PictureWell this is a bit tricky. You see Cabin Fever is an homage to schlock 70's horror movies. As a consequence of this Roth has chosen to try to replicate the look and feel of this genre. As a result picture quality is not cutting edge but it is true to its roots. Let me explain. Early, brightly lit scenes have a washed out look to them. Colours are muted, and a lemon yellow tinge washes over everything. This gives an overexposed look. Later in the film in darker scenes a very compressed contrast range is in use. Blacks are very black, and shadow details become lost as a result. Throughout the majority of the film, a certain amount of grain is present. Some scenes avoid this, such as the sex scenes, but these have an overall soft focus effect. There are no digital artefacts and no signs of edge enhancement. So you see, it is a good encoding of a deliberately “flawed” image. You either like this approach or you don't. My view is a filmmaker has every right to produce a certain feel or look to the movie, even if this means we get an image that is less than perfect in appearance.
SoundHere is one area where, I am delighted to say, Cabin Fever does not resemble the seventies horror movies it lovingly portrays. The sound mix is presented as a Dolby Digital 5.1 track at 448kbps, with a +4dB push to the dialogue channel. For the most part the soundtrack is excellent. Well mixed with precisely located effects, it does an efficient job of heightening tension. Off screen action is easy to locate with the front sound stage nice and wide. Bass is loud. You know the kind of thing: sudden forceful bass at a particularly gruesome exposé. Not the most rich or rounded bass, but certainly loud. While there is some action going on in the surround channels it is limited, and could have been improved upon for racking up that tension. Dialogue is generally clear and focused, except for the early scene at the store, when the storeowner has a badly dubbed track, which sounds muddy and dull. Other than these few quibbles a decent track.
ExtrasWell you certainly can't criticise the disc for a lack of extras with five, I will repeat that - FIVE - feature length commentary tracks. We have one from the director, one from the boys, one from the girls, and one for Rider Strong, who apparently wouldn't shut up so was given a track all of his own. Now in order to tell you exactly the content of all of these tracks I would have to watch this movie six times, a total of nine hours. I didn't. But I did listen to enough of them to be able to give you the tone and gist of each track. First up is Roth himself. This guy has verbal diarrhoea. He starts talking at the beginning of the title tracks and never, never stops until the end of the final reel. He tells us about himself, his background, his education, his influences, and his love for baseball. By an hour or so in he starts to tell us about the movie and the production process. Its all good stuff but boy is it exhausting. Next up is a commentary with “the boys”, the male members of the cast with...Eli Roth, and guess what?, He totally dominates the commentary. He starts up over the opening credits, and stops over the closing credits. He sort of interviews the cast but is still the major player. Third is “the girls” a commentary track with the female characters in the cast and....Eli Roth. This track is far chattier. You get the impression that Roth fancies Jordan Ladd (and who wouldn't) and Cerina Vincent (ditto). Commentary with the filmmakers includes producer and cinematographer, with Roth, and this is the most technical of the tracks, best for those of you most intrigued by the whole process of making a movie. Again it is an interview format and covers everything from the inception of the opening credits to the use of film stocks to achieve different looks throughout the movie. This is actually my favourite of the tracks, and the one I was happy to sit through, closely followed by Roth on his own, but you do have to pause for breath once in a while during that one. Finally is the erstwhile star of the piece Rider Strong with Roth and is similar to the other chatty tracks. To be honest I am not a huge fan of commentary tracks but all of these efforts are enjoyable. The actors and crew are interesting people with interesting things to say. I didn't listen to every word on every track (apart from the filmmakers track) but I did listen to a good 30 minutes of each and if time was not a factor I wouldn't mind listening to them all the way through.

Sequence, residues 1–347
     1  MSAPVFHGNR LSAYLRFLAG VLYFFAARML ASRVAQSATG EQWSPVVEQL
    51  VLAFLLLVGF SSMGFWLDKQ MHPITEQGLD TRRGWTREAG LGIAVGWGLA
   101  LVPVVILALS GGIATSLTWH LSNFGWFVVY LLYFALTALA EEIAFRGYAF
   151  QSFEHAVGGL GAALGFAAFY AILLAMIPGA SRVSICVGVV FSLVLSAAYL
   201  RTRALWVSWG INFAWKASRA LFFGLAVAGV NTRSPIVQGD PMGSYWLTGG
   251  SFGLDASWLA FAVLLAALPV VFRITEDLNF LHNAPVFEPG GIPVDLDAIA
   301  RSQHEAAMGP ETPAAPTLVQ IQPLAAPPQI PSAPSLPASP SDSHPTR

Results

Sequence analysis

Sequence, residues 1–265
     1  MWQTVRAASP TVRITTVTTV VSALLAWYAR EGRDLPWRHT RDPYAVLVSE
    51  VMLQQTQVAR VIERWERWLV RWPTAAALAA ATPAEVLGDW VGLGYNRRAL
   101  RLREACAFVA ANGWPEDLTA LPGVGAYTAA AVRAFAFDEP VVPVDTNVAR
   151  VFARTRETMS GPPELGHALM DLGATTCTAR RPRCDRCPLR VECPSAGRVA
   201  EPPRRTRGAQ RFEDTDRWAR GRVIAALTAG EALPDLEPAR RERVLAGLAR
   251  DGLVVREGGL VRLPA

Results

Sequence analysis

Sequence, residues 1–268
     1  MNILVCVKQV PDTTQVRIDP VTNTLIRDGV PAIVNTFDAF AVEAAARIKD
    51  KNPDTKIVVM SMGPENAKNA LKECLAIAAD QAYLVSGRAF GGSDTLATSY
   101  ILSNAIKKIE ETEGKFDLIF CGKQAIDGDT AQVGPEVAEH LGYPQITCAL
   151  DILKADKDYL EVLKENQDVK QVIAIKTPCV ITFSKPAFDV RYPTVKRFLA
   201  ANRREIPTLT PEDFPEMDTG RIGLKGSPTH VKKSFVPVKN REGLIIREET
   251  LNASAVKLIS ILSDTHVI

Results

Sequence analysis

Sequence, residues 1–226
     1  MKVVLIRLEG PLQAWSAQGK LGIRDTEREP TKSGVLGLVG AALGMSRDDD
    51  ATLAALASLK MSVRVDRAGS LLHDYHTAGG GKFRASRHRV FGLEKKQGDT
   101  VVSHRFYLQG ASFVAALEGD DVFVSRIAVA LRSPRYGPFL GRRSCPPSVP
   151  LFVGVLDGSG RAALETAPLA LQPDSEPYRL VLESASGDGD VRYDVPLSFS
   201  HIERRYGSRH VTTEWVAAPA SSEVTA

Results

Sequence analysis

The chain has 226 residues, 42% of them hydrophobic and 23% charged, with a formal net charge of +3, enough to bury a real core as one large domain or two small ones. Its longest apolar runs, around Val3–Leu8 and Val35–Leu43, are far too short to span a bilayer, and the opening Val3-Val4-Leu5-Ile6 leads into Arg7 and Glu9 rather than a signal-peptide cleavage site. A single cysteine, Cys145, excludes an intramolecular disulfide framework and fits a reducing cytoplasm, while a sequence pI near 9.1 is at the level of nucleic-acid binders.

Backing up the mammoth commentary efforts are a truly excellent behind the scenes documentary. Thorough, informative, and genuinely behind the scenes with plenty of onset footage, this is what a “making of” documentary should be like. Some Roth fans may already be familiar with “The Rotten Fruit” his animated series about the most popular rock band on earth. If you are not you will be in for a pleasant surprise as three animated shorts are on the DVD. They are hilarious with my particular favourite being the Fruits taking on American boy band C5 in the battle of the bands. Pure joy.
Family version is a U rated version of the film with “a few cuts” in order to get the U rating. Excellent for its 32 second running time, and Chick-Vision™ gives a warning before particularly gory scenes allowing you girlies to cover your eyes in plenty of time. Pancakes is just plain weird. Apparently it is a form of karate, and this is a short reel of the mulleted blond kid doing it.
VerdictThis is an excellent DVD package. Whilst lacking the visceral shocks of the films it pays tribute to, Cabin Fever manages to amuse, entertain and gross out all at the same time. The DVD extras are exhaustive and entertaining which, believe me, is not always the case. If gore is your thing slip this disc in your player. Hope you like the colour red!
Our Review Ethos